A person who has FM, often has a slight problem in absorbing lactose due to temporary lactose intolerance, so it can help if he avoids milk, curd, yogurt, ice cream (cheese and butter should be fine).

Elimination of all nutrients mentioned above at once is called a low-FODMAP diet.

So, when someone thinks he has FM, he can start with a low-fructose diet or a bit more thorough low-FODMAP diet.

People who have FM often think they have IBS. If one wants to be officially diagnosed, he can ask a gastroenterologist to perform a "hydrogen breath test with fructose." The condition is usually life-long.

Fructose malabsorption should not be confused with a rare hereditary fructose intolerance (HFI), which can cause much more severe symptoms after consumption of even minute amounts of fructose.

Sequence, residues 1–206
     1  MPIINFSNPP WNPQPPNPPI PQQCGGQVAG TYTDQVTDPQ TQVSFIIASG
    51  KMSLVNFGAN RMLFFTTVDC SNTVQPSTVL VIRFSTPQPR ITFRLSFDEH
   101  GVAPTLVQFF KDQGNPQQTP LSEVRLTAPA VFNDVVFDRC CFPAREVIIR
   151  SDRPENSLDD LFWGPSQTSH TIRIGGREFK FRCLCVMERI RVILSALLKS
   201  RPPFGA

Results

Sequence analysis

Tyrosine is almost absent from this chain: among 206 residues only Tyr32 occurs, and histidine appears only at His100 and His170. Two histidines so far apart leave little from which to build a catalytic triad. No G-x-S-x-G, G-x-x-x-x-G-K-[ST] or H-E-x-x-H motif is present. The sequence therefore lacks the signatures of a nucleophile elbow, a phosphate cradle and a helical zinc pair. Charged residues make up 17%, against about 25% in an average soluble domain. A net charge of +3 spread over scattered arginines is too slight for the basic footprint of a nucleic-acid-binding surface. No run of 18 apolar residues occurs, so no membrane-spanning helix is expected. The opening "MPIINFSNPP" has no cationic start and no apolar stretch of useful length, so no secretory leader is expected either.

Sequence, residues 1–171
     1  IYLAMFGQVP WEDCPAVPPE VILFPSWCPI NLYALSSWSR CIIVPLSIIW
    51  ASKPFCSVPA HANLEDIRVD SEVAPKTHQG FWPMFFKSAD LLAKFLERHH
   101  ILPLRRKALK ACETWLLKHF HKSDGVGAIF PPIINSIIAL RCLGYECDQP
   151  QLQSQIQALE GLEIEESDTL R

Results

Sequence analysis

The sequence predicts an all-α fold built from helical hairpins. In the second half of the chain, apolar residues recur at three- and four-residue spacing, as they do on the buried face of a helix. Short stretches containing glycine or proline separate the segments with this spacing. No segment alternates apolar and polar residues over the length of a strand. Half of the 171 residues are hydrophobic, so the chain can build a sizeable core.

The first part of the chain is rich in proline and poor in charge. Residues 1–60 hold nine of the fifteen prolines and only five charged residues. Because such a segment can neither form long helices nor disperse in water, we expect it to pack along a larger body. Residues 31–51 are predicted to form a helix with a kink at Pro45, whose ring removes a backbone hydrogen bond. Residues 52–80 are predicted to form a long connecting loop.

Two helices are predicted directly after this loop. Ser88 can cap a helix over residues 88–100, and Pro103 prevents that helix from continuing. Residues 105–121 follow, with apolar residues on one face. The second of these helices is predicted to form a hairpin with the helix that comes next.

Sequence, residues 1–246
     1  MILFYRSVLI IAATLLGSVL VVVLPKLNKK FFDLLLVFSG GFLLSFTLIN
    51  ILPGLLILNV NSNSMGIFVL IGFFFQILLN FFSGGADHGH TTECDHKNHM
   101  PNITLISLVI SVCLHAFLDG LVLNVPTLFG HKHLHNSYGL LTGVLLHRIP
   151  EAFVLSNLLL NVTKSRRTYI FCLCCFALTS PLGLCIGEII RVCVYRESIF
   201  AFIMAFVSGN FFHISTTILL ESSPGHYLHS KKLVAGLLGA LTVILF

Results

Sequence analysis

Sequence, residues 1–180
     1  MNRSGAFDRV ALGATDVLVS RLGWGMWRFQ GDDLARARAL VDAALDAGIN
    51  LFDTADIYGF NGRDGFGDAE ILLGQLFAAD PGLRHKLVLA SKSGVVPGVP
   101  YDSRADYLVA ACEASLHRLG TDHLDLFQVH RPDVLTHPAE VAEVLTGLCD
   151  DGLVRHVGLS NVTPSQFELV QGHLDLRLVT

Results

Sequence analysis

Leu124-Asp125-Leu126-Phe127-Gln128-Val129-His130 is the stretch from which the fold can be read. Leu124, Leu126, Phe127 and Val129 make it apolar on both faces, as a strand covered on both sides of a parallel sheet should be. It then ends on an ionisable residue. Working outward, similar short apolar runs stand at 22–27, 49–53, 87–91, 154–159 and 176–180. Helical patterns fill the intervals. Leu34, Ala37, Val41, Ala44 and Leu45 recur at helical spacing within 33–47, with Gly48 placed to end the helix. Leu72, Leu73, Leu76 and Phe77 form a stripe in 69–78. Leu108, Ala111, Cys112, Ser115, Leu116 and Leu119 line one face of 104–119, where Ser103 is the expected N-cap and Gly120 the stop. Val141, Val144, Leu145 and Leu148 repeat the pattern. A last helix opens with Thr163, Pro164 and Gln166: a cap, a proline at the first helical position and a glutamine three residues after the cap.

Disclaimer: I did not diagnosed anyone here with FM, but this post can help people who have IBS-like symptoms (gas, loose stools, vague abdominal pains).

Similar conditions:

  • Food allergies usually cause itching and tingling around the mouth within few minutes of ingestion. An allergologist can make a diagnosis on the basis of the skin test.
  • Intestinal parasites can cause various abdominal symptoms. A gastroenterologist can make a diagnosis from a stool test.